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A. Naor, Y. Gal, and B. Bravdo

Effects of two shoot densities (14 and 44 shoots/vine) and two crop levels (one and two fruit clusters per shoot) on yield, pruning weight, crop load, and juice and wine quality of field-grown `Sauvignon blanc' grape (Vitis vinifera L.) were studied in a factorial experiment over 3 years. Main shoot length, lateral shoot length and number, shoot diameter, leaf area per shoot, and specific leaf weight were greater at the lower compared with the higher shoot density for all years whereas pruning weight was significantly increased only in the third year. Crop yield increased proportionally with the number of clusters, up to 44 clusters per vine, by both shoot and cluster thinning; a lower rate of yield increase was apparent when the number of clusters per vine was increased further, probably because of increasing source limitation. Berry maturation was delayed in the 44 shoots per vine treatment. Unchanged soluble solids, higher total acidity, and lower pH in the 44-shoot vine treatment in the third year indicated that the effect of cluster number on the must quality was not due to delayed maturation. No effect of cluster number per shoot on vegetative parameters was apparent. Berry size and number were affected by cluster thinning only in the 44 shoot/vine treatment. Both the number of shoots per vine and the number of clusters per shoot affected wine sensory attributes. Herbaceous aroma scores increased with increasing pruning weight. The wine sensory evaluation score decreased with increasing crop load. Total wine sensory scores decreased with decreasing leaf area to fruit weight ratio below ≈18 cm2·g-1, whereas a critical value of the crop to pruning weight ratio, for wine quality, was not apparent. Crop load expressed as crop to pruning weight ratio (kg·kg-1) was highly correlated with fruit weight to leaf area ratio (g·cm-2) (r 2 = 0.86), providing a biological rationale for the relevance of crop load and wine quality relations.

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Khalid F. Almutairi, David R. Bryla, and Bernadine C. Strik

Drought and mandatory water restrictions are limiting the availability of irrigation water in many important blueberry growing regions, such as Oregon, Washington, and California. New strategies are needed to maintain yield and fruit quality with less water. To address the issue, three potential options for reducing water use, including deficit irrigation, irrigation cutoffs, and crop thinning, were evaluated for 2 years in a mature planting of northern highbush blueberry (Vaccinium corymbosum L. ‘Elliott’). Treatments consisted of no thinning and 50% crop removal in combination with either full irrigation at 100% of estimated crop evapotranspiration (ETc), deficit irrigation at 50% ETc (applied for the entire growing season), or full irrigation with irrigation cutoff for 4–6 weeks during early (early- to late-green fruit) or late (fruit coloring to harvest) stages of fruit development. Stem water potential was similar with full and deficit irrigation but, regardless of crop thinning, declined by 0.5–0.6 MPa when irrigation was cutoff early and by >2.0 MPa when irrigation was cutoff late. In one or both years, the fruiting season was advanced with either deficit irrigation or late cutoff, whereas cutting off irrigation early delayed the season. Yield was unaffected by deficit irrigation in plants with a full crop load but was reduced by an average of 35% when irrigation was cutoff late each year. Cutting off irrigation early likewise reduced yield, but only in the 2nd year when the plants were not thinned; however, early cutoff also reduced fruit soluble solids and berry weight by 7% to 24% compared with full irrigation. Cutting off irrigation late produced the smallest and firmest fruit with the highest soluble solids and total acidity among the treatments, as well as the slowest rate of fruit loss in cold storage. Deficit irrigation had the least effect on fruit quality and, based on these results, appears to be the most viable option for maintaining yield with less water in northern highbush blueberry. Relative to full irrigation, the practice reduced water use by 2.5 ML·ha−1 per season.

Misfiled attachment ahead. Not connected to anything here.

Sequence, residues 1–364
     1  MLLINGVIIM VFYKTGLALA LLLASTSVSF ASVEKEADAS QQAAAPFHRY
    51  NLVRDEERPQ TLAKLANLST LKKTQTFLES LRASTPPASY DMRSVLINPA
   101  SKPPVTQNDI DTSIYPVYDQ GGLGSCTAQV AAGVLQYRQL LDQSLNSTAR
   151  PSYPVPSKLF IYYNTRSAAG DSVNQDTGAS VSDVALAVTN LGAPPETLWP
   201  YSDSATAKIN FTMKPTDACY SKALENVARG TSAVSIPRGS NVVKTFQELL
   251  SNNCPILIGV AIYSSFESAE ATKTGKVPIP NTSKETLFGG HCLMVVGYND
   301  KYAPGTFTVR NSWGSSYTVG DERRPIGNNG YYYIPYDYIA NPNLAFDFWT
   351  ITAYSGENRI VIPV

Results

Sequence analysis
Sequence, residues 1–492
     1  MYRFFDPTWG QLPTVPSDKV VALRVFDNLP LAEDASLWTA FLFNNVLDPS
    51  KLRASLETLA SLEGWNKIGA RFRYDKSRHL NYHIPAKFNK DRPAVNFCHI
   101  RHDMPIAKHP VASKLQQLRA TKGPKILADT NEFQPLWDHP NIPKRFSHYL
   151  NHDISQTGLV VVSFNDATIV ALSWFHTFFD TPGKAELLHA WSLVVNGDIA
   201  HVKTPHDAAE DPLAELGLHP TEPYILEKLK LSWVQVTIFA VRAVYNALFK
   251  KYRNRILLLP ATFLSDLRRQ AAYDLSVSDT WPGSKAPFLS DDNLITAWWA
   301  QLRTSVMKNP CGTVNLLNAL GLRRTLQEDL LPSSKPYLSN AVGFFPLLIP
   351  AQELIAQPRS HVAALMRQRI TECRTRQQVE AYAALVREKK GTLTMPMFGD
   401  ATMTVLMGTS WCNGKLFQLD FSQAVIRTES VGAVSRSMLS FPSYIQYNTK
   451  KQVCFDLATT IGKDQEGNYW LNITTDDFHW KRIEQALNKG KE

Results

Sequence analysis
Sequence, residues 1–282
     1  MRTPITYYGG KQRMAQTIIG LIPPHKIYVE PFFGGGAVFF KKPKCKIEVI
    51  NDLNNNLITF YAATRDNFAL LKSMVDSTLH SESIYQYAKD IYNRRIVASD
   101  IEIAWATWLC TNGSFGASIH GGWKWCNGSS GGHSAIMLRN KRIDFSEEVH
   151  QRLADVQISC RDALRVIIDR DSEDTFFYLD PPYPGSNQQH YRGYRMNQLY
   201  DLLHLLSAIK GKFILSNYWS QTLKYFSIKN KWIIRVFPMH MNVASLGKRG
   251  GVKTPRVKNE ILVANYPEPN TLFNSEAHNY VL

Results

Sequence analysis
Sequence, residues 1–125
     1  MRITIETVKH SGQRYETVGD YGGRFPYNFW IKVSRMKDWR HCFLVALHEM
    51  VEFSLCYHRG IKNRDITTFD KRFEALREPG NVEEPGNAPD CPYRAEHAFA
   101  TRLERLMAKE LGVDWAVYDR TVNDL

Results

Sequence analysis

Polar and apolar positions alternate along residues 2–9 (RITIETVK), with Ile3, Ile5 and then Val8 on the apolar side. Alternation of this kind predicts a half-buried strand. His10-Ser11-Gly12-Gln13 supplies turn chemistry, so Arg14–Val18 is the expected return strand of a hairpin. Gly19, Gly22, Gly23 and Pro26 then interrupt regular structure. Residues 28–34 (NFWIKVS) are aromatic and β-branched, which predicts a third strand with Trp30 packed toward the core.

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Susana Boso Alonso, Virginia Alonso-Villaverde Pilar Gago, José L. Santiago, Mariá C. Martínez, and Emilio Rodriguez

yield per berry. The total acidity of the must was estimated using the coloration pattern volumetric method ( Diario Oficial de Las Comunidades Europeas, 1990 ). Must pH. This was recorded with a pH meter Crison GLP 21 (Crison 08328, Alella

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Agnieszka Masny, Edward Żurawicz, and Jarosław Markowski

selected from the marketable fruits collected during the third, fourth, and fifth harvest. The internal fruit quality (soluble solids, total acidity, dry matter, ascorbic acid, and anthocyanin content) was assessed based on samples of fruit randomly

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M. Joseph Stephens, Julia R. Enfield, and Harvey K. Hall

(1999) and Zhang et al. (2006) , respectively. Soluble solids content was recorded using a digital pocket refractometer (PAL-1; Atago, Tokyo, Japan) and for total acidity measurements, 2 mL of berry juice in 40 mL of water was titrated with 0.1 M NaOH

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Matthew Clark, Peter Hemstad, and James Luby

cold-hardy, white wine cultivars Frontenac gris and La Crescent. ‘Itasca’ has more sugar at harvest than ‘Brianna’, another cold-hardy variety with low total acidity levels. Origin The grapevine ‘Itasca’ ( Fig. 1 ) was identified at the Horticultural